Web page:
First Coast No More Homeless Pets (FCNMHP) (Florida)
Headquarters Location: Jacksonville, FL
Mission: The mission of First Coast No More Homeless Pets is to end the needless killing of cats and dogs in Northeast Florida and, eventually, the nation, with programs designed to decrease the number of animals entering the shelters, increase the number of pets leaving the shelter alive and to keep pets in homes and out of shelters.
Expert Reviews of First Coast No More Homeless Pets (FCNMHP) (Florida)
Evidence of Impact Summary:Since they were established, First Coast No More Homeless Pets has led the way to providing no cost and low cost spay/neuter to a number of counties surrounding Jacksonville.
See expert comments.
Organization Strengths Summary:
Areas for Improvement Summary:
Expert Comments: Evidence of Impact
|First Coast No More Homeless Pets has developed several targeted cat and dog spay/neuter projects which have directly and measurably reduced the number of animals entering – and dying in – local animal shelters and which have improved the health and welfare of at-risk animals, especially cats. Each program has been designed to meet specific needs (e.g. city vs. county, low-income owners vs. unowned cats, etc.) and is targeted to help ensure that all funds invested result in measurable change. They have introduced innovative programs which, while controversial at first, have proven effective and now serve as models for other communities. They are able to connect with a variety of audiences by avoiding divisive language and focusing on their primary goals.|
|First Coast NMHP is an outstanding organization that has created pioneering programs on a modest budget. They have worked successfully with local governments and national groups alike. They strongly deserve recognition for their achievements.|
|First Coast No More Homeless Pets has focusing on providing free and low cost sterilization for low income families and ferals in Jacksonville, FL, a community with a climate that lends itself to year round reproduction for cats. Since 2002 First Coast No More Homeless Pet has facilitated over 90,000 pet sterilizations in the Jacksonville Fl. area. They have seen an overall reduction in pet intake of approximately 34% and a 58% decrease in the number of animals having to be euthanized. Their Joseph A. Strasser Animal Health and Welfare Building, designed with the capacity for up to 200 daily sterilizations, is one of the highest volume clinics in the country when at full capacity. Operating the Jacksonville Pet Food Bank the have donated over 120,000 pounds of food has been distributed to more than 4,000 pets, helping qualified low income families keep their pets in this challenging economy. Their ‘Feral Freedom’ program is truly innovative. Director Rick Ducharme has impressed key national funders with his creative, data-based initiatives, and is now providing a model for communities around the country to emulate.|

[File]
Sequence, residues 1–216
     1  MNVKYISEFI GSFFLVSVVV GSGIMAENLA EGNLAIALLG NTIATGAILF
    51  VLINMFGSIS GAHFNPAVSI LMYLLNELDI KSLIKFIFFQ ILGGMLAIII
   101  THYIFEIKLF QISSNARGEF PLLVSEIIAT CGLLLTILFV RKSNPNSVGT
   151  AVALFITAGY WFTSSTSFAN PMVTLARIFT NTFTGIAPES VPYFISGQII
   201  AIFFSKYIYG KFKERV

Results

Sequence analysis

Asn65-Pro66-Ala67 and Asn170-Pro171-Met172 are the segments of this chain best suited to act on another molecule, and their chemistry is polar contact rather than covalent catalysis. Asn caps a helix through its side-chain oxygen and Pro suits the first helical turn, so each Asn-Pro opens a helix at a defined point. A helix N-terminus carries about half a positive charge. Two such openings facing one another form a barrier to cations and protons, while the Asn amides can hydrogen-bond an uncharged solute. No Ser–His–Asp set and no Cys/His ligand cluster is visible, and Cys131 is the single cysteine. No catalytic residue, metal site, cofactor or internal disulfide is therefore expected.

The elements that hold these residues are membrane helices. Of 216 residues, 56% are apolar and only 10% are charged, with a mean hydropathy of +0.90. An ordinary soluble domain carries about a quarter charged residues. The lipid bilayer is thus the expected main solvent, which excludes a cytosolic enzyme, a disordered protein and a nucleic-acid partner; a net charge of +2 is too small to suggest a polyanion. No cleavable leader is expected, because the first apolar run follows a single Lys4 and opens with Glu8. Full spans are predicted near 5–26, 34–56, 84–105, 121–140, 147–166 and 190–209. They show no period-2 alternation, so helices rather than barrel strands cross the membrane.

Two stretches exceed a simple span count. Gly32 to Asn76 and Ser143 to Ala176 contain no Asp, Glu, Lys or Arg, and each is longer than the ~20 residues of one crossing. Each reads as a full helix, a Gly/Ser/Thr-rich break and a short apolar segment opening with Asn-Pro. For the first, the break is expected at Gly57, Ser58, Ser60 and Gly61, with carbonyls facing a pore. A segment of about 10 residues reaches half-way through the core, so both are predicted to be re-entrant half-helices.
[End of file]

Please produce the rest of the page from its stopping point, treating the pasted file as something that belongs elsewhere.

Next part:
|First Coast No More Homeless Pets runs the Feral Freedom program and has created a model for TNR programs which saves thousands of cats every year. Jacksonville Animal Care and Control in partnership with the Jacksonville Humane Society turns all cats it believes might be feral or free-roaming over to Feral Freedom instead of taking them to the shelter. The cats are spayed or neutered, vaccinated, microchipped and returned to their colonies. Feral Freedom has had a tremendous local impact in Jacksonville, and presently serves as a national model.|
|First Coast No More Homeless Pets is known for its groundbreaking spay/neuter programs and one of the finest feral cat programs I've ever heard of. The director is very willing to share program elements, statistics budget, etc.|
|They have reduced shelter killing through targeted spay / neuter services and innovative management of community cats.|
|Since they were established, they have led the way to providing no cost and low cost spay/neuter to a number of counties surrounding Jacksonville. They have taken the Humane Alliance model to the next level and have included feral cats in their newest program called Feral Freedom. The intake and subsequent euthanasia rate in Duval County [Jacksonville] has dropped by over 35%.|
He has become a recognized leader in the animal welfare field, speaking at many national conferences, mentoring and training representatives from animal welfare groups across the nation, and authoring Best Friends Animal Society’s publication on Feral Freedom.
Rick is also co-founder and director of the Target Zero Institute which brings together top leadership and best practices nationwide to systematize and mentor organizations to help make their communities no-kill.